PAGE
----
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Enthusiast
Enthusiast

I know absolutely nothing networking.  Nothing...

So what information is needed ?

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Enthusiast
Enthusiast

I tried Host-Only, it did not work.  Then again I did not set static IP address.  As I've said repeatedly I know nothing about networking.

How does one set a static IP address using VMWare\virtual machines ?

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User Moderator
User Moderator

Not host-only.  Guest-only.  I described above exactly how to configure such.

"How does one set a static IP address using VMWare\virtual machines ?"

Exactly the same as one sets it in any physical machine.

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Enthusiast
Enthusiast

"Exactly the same as one sets it in any physical machine."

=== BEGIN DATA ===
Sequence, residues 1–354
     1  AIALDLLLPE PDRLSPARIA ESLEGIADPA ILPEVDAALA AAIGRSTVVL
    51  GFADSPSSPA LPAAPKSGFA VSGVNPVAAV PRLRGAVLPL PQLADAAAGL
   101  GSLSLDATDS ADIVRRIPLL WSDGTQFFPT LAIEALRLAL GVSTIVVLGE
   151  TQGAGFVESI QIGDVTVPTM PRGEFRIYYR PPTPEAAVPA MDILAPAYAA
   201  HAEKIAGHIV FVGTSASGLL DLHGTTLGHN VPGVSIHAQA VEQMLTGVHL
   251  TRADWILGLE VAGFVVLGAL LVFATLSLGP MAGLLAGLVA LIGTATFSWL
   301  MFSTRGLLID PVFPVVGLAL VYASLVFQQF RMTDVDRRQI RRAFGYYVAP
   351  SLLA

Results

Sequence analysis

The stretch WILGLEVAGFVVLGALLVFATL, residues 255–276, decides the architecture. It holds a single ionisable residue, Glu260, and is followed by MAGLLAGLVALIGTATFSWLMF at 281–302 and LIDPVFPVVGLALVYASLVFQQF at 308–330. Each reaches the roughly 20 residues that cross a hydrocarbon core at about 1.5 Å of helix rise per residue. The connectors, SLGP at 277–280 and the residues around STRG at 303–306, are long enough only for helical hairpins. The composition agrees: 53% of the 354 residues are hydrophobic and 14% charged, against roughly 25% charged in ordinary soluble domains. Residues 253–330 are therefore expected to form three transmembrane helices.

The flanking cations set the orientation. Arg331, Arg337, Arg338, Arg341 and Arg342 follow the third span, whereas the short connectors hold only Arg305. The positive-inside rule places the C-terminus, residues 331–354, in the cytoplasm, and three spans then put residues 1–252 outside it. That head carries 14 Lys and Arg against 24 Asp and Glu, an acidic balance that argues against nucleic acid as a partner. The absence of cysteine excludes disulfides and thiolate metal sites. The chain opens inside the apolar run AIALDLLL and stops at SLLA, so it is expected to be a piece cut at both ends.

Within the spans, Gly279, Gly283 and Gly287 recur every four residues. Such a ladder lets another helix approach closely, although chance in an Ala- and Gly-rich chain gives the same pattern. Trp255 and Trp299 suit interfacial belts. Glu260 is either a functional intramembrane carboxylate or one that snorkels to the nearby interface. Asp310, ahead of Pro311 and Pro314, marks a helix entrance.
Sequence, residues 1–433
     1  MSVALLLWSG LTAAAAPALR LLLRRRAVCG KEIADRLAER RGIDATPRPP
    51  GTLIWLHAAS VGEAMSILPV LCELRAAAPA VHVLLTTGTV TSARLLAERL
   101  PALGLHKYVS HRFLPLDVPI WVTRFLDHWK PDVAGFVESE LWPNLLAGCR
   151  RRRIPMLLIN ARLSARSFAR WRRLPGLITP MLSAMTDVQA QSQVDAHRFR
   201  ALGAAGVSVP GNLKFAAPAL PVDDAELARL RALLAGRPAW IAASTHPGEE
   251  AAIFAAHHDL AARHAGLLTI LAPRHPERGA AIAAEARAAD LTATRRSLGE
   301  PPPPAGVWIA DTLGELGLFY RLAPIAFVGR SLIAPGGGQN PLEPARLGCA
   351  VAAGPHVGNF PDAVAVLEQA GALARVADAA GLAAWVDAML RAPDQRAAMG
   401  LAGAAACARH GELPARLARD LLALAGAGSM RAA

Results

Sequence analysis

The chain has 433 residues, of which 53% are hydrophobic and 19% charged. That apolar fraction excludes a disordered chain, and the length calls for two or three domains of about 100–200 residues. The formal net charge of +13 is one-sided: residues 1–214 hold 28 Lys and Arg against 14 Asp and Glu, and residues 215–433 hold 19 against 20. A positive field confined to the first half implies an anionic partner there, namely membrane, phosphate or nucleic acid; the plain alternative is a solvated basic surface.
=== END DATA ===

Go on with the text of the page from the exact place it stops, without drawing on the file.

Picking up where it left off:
I guess you didn't read my earlier posts that I know absolutely nothing about networking and need step-by-step "How-To" guide.

How do you set it on a physical machine ?

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User Moderator
User Moderator

https://www.google.com/search?q=how+to+configure+static+ip+on+windows+10&oq=How+to+configure+static+...

Google is your friend...

Basically, trying to point out that what you are asking has nothing specifically to do with VMware, but just typical networking.  So read/search and treat it as such so you can learn it.